Employer Faces $1.76M in OSHA Fines Over 1,000 Employee Injuries

Document created by 1002043 on Feb 5, 2015Last modified by 1002028 on Feb 23, 2015
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george pic for news.jpgIn a three-and-a-half year period, 4,500 employees at Ashley Furniture Industries Inc., in Arcadia, Wisconsin experienced more than 1,000 work-related injuries.  One employee lost three fingers in July 2014 while operating a woodworking machine without required safety mechanisms in place.  Of the injuries recorded, more than 100 were caused by similar machinery.   Ashley Furniture is the largest furniture retailer in the US.


After the incident, the US Department of Labor's Occupational Safety and Health Administration (OSHA) conducted an inspection of the facility.  Investigators identified 12 willful, 12 repeated and 14 serious safety violations at Ashley Furniture's Arcadia location, carrying a total of $1,766,000 in penalties.  The company has also been placed in the Severe Violator Enforcement Program for failure to address these safety hazards.  OSHA had previously cited the Arcadia facility in 2014 after an employee suffered a partial finger amputation.


The 12 willful and twelve 12 repeated violations were cited after OSHA found that the company did not take the necessary steps to protect its employees from being injured from moving machine parts.  According to OSHA, it did not prevent machines from unintentionally starting when workers were performing tooling and blade changes on woodworking machinery, and also failed to provide adequate safety mechanisms to prevent contact with those moving parts.  A willful violation is one committed with intentional, knowing or voluntary disregard for the law's requirement, or with plain indifference to employee safety and health.  OSHA issues repeated violations if an employer previously was cited for the same or a similar violation of any standard, regulation, rule or order at any other facility in federally enforcement states within the last five years.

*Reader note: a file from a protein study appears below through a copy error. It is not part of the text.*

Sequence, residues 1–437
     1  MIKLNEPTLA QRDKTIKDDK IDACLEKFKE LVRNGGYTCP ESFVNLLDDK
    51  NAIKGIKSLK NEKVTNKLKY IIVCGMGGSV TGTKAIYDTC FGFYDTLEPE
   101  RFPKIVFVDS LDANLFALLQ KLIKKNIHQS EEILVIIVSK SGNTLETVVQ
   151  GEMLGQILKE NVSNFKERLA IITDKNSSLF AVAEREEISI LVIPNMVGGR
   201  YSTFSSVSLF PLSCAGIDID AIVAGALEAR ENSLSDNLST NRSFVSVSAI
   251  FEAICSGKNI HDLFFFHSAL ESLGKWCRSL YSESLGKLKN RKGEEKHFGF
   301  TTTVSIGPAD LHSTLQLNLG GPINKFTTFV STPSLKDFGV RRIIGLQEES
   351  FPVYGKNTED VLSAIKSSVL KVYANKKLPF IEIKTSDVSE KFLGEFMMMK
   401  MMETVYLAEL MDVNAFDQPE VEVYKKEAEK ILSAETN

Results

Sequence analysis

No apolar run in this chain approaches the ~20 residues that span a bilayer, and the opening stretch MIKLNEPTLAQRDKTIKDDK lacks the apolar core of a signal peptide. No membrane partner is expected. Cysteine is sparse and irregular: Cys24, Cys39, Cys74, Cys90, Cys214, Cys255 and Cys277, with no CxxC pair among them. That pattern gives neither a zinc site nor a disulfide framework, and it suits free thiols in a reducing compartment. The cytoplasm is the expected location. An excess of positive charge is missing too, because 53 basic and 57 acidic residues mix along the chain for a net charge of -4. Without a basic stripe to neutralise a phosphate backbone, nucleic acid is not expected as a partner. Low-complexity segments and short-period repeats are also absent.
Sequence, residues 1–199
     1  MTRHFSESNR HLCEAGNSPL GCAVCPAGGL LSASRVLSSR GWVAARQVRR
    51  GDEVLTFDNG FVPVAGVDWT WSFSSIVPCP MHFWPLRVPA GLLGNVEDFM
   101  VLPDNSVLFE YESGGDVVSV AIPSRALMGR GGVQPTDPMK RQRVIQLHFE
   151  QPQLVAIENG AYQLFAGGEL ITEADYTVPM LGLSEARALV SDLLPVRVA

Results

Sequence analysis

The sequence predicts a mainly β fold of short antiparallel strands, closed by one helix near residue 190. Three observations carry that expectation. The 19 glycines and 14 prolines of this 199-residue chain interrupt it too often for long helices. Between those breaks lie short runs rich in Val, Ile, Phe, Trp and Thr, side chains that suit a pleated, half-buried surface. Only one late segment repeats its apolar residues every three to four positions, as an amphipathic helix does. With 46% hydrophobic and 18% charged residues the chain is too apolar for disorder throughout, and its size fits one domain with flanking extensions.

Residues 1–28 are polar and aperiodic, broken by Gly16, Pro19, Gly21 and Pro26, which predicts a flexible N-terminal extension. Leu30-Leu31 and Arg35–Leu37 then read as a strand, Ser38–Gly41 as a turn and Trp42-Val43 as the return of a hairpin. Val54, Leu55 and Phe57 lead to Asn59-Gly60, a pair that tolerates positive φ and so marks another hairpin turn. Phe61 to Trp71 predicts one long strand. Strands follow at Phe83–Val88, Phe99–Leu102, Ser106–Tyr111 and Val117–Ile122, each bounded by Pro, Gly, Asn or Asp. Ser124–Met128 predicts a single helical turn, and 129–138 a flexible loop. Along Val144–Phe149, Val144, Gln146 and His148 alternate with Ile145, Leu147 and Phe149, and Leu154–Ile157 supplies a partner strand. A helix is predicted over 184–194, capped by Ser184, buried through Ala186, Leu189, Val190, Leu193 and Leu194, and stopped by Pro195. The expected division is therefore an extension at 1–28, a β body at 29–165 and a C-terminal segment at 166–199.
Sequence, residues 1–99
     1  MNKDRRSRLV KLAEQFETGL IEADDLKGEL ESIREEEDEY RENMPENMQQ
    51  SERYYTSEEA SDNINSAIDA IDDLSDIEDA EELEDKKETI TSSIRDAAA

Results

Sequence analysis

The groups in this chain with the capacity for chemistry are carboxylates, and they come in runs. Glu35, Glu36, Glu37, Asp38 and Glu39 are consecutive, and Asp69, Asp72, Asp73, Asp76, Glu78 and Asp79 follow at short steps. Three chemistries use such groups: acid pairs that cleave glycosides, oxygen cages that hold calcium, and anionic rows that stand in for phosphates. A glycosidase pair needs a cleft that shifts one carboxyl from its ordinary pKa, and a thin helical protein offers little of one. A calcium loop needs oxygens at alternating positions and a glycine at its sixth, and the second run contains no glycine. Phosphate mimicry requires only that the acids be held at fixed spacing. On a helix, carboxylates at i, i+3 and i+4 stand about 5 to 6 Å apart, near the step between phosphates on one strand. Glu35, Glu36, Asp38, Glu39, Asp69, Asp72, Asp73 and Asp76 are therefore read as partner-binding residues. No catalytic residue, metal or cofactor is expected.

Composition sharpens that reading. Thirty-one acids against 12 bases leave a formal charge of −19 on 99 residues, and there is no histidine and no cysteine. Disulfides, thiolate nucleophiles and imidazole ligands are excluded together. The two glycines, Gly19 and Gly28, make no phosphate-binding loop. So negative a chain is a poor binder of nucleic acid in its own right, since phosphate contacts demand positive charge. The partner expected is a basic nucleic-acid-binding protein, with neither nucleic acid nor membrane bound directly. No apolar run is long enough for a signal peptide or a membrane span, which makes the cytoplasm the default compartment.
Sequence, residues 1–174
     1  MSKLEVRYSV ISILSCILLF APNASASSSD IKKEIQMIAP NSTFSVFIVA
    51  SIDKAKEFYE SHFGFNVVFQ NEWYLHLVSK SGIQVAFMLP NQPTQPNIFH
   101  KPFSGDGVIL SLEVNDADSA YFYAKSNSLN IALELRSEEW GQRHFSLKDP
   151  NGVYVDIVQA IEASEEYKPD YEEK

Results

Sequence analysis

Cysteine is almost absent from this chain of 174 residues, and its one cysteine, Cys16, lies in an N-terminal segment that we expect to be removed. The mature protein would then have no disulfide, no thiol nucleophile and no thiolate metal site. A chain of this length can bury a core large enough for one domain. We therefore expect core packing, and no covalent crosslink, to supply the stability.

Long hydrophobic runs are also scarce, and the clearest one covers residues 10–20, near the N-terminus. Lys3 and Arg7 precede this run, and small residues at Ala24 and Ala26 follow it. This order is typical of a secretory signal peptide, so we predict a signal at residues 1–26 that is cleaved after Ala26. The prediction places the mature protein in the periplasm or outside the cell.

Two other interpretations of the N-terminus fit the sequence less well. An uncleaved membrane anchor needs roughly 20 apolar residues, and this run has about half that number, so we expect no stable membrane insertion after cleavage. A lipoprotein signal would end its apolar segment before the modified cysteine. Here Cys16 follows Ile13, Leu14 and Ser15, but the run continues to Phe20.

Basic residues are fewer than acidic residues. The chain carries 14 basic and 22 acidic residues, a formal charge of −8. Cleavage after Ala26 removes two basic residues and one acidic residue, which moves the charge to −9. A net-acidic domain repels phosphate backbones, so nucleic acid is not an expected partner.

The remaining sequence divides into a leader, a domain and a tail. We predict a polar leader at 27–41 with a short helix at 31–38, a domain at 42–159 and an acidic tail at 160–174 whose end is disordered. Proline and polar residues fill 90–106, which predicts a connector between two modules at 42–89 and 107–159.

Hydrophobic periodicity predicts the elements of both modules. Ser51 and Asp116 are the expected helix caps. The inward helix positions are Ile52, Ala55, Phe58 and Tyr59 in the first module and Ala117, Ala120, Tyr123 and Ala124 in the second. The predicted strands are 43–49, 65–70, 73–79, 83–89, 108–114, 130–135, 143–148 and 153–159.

OSHA also cited Ashley Furniture Industries for 14 serious violations, including failure to train employees on safety procedures and hazards present when servicing machinery.  It said that the company also lacked adequate drenching facilities for workers exposed to corrosive materials, it committed three electrical safety violations, and it did not equip some of its machines with readily-accessible emergency stop buttons.


Under OSHA’s “General Duty Clause”, employers are responsible for providing safe and healthful workplaces for their employees.  OSHA's role is to ensure these conditions for America's working men and women by setting and enforcing standards, and providing training, education and assistance. For more information about OSHA, visit http://www.osha.gov.


[Note: North Carolina is one of 22 states that have an OSHA plan approved by the USDOL (United States Department of Labor). North Carolina’ plan received such approval in 1976. It is administered by the Occupational Safety and Health Division of the NCDOL.]


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